Take a breather from the Michelle vs. Michelle banter and head on over to the letsmove.gov for the real experience. What I like about letsmove.gov is that the user experience taps into the elementary senses of touch. This site works no matter which platform you use to access it. It's clear, concise, and scaffold in a way that takes the user through an educational experience and helps him/her to grow along the way. Reading from left to right you see the stages: Learn the Facts offers education up front. It tells the user that learning is the most important aspect to this site. (see Fitt's Law, which to sum up in UX terms is that information (a target) is presented in a distance that is comparable to its significance; left to right).
Obesity is a challenge, and if a user has come to site it is to learn more about what they can do to prevent it, control it, and (mind the pun) shape it. The spectrum of the navbar is first to educate (Learn the Facts), slowly adopt healthy choices (without being overwhelmed)(Eat Healthy), apply (Get Active), then empower (Take Action and Join Us).
I know we call that taxomony in my field, but my education experience also makes me want to call it pedagogy. The color coded and subtitled navigation has a button-like feel that reminds me more of the big push button toys that I grew up with or what you'd see in a child's nursery. This feeds into our need, as Western users, to touch in an elementary way. There's less user thinking involved upfront in terms of work, but also worry. Meaning that obesity in a country, America, where nearly one in three children is overweight, can be a struggle...it can be daunting in terms of self-esteem and medical problems. All in all, if you've made it to the site, you've already taken a step in the right direction without being berated with statistics and literature with links not telling you where to go or what to do, which usually results in more despair and confusion.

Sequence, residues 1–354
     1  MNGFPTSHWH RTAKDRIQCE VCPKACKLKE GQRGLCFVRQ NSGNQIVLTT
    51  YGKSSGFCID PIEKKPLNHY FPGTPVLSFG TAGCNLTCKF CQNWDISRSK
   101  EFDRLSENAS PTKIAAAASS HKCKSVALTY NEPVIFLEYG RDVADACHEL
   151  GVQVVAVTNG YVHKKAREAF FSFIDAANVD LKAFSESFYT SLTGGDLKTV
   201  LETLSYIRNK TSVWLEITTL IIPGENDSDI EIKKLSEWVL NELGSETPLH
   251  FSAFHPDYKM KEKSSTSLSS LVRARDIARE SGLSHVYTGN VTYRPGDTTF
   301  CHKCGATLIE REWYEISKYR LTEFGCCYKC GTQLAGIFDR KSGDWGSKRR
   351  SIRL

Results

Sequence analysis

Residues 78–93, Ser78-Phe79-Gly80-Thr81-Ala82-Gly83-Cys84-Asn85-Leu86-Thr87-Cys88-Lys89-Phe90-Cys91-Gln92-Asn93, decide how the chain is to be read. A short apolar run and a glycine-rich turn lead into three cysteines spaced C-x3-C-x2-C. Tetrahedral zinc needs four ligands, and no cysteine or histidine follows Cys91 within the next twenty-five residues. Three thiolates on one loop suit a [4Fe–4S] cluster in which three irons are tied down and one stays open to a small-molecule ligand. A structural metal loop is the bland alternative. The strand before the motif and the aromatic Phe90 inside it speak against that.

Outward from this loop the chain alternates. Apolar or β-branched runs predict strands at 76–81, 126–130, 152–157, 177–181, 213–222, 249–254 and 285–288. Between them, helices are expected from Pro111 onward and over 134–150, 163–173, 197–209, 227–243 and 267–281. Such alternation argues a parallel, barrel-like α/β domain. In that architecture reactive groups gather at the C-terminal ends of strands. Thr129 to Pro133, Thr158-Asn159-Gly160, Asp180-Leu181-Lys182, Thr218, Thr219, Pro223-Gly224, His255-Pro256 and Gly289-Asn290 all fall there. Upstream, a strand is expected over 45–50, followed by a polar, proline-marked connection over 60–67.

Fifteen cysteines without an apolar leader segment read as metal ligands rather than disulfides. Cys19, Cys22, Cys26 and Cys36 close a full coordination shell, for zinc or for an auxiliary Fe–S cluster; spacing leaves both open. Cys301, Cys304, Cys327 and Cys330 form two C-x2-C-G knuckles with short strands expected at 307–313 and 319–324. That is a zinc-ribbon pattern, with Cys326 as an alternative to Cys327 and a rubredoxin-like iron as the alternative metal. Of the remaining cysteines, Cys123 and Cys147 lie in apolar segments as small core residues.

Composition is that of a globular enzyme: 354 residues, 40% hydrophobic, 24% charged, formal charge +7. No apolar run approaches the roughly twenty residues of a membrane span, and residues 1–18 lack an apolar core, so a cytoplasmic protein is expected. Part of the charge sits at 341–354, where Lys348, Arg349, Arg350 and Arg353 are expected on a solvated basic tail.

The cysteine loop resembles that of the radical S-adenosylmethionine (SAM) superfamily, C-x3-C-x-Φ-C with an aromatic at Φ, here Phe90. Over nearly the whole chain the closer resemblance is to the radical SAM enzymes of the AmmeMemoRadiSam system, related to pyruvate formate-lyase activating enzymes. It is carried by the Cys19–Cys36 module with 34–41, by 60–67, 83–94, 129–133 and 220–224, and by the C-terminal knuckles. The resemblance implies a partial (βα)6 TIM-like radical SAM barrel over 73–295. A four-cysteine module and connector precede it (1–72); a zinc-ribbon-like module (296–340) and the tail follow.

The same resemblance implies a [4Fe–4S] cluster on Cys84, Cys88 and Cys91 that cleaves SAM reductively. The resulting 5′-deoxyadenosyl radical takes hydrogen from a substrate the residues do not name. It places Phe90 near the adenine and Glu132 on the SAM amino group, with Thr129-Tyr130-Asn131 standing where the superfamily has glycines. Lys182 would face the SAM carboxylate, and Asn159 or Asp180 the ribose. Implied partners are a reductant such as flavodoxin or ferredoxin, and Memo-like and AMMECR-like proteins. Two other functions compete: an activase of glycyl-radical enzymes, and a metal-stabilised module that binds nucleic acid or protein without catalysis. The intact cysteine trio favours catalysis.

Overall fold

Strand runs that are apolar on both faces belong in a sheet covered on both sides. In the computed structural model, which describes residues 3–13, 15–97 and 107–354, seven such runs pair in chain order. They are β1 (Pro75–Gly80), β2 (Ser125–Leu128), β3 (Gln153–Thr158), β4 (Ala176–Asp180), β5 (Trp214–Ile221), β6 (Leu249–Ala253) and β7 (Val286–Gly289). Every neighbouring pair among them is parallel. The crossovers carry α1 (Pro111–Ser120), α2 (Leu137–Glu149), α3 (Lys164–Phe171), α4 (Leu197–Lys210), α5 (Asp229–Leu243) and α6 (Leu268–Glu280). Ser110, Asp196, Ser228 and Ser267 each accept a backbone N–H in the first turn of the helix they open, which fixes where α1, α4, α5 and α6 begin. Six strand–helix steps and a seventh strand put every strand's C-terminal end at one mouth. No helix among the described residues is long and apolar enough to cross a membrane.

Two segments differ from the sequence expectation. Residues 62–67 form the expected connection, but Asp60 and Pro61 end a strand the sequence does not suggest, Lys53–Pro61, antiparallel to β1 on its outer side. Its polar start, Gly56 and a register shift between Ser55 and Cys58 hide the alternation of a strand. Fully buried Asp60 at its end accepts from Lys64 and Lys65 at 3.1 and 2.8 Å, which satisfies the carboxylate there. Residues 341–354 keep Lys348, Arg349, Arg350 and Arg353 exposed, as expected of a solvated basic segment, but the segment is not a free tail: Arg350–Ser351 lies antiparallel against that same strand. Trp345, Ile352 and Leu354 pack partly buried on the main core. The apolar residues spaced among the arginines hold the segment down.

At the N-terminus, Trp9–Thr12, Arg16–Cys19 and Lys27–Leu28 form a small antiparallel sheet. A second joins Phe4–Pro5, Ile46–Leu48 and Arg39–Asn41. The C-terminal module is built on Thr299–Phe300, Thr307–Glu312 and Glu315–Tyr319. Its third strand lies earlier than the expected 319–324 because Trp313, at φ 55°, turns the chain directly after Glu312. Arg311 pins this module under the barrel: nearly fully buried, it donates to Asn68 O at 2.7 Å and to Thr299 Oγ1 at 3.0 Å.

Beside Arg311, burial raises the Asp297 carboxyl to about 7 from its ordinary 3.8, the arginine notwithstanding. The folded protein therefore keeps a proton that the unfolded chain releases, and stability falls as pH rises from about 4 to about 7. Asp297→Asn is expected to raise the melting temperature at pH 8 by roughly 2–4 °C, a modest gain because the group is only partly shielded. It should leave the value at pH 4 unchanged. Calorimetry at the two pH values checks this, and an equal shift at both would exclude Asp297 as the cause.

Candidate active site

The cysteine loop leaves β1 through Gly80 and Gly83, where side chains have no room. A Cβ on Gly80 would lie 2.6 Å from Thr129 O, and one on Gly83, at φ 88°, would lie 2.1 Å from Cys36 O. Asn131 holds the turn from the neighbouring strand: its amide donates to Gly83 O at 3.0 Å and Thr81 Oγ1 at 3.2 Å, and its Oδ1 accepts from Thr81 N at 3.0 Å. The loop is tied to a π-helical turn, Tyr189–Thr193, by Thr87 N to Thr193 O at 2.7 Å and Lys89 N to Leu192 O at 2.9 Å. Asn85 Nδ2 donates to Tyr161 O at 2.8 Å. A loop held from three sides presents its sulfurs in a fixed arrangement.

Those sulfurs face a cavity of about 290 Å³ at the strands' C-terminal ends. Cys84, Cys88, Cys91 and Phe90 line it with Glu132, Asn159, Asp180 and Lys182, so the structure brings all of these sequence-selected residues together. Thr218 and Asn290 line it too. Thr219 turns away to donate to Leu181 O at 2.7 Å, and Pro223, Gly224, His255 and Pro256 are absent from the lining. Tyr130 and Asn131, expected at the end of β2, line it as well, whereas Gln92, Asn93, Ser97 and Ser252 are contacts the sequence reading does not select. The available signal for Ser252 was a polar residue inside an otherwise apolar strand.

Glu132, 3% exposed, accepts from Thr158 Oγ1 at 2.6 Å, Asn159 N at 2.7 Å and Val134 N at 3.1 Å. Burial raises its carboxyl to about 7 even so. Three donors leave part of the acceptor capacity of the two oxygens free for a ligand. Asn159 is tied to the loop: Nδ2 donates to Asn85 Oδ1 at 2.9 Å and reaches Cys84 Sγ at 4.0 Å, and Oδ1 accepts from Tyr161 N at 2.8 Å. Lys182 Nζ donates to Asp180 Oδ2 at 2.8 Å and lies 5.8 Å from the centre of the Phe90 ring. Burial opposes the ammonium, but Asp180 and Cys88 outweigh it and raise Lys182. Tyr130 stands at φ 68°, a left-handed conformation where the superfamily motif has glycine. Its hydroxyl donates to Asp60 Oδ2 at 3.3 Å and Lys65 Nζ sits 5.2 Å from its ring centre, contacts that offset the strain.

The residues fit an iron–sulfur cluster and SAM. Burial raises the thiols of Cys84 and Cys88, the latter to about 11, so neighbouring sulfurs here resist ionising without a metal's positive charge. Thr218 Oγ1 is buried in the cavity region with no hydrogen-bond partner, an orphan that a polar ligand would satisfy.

Let's move doesn't even harp on obesity being the core experience...the messaging is "what should I know?," "what should I do?," "how will I do it?," "how can I get others to join me, or how can I join others who are 'moving'?".
This blocked navigation type is not going away, gone are the days of trying to scroll up-and-down trying to find a link we need or desire, it is now about touch, get, go, do. Letsmove.org, and First Lady Michelle Obama, design achieves that.
Note: (I know that research has suggested that users are used to scrolling, but western users read left to right, making scrolling counter intuitive in searching for information).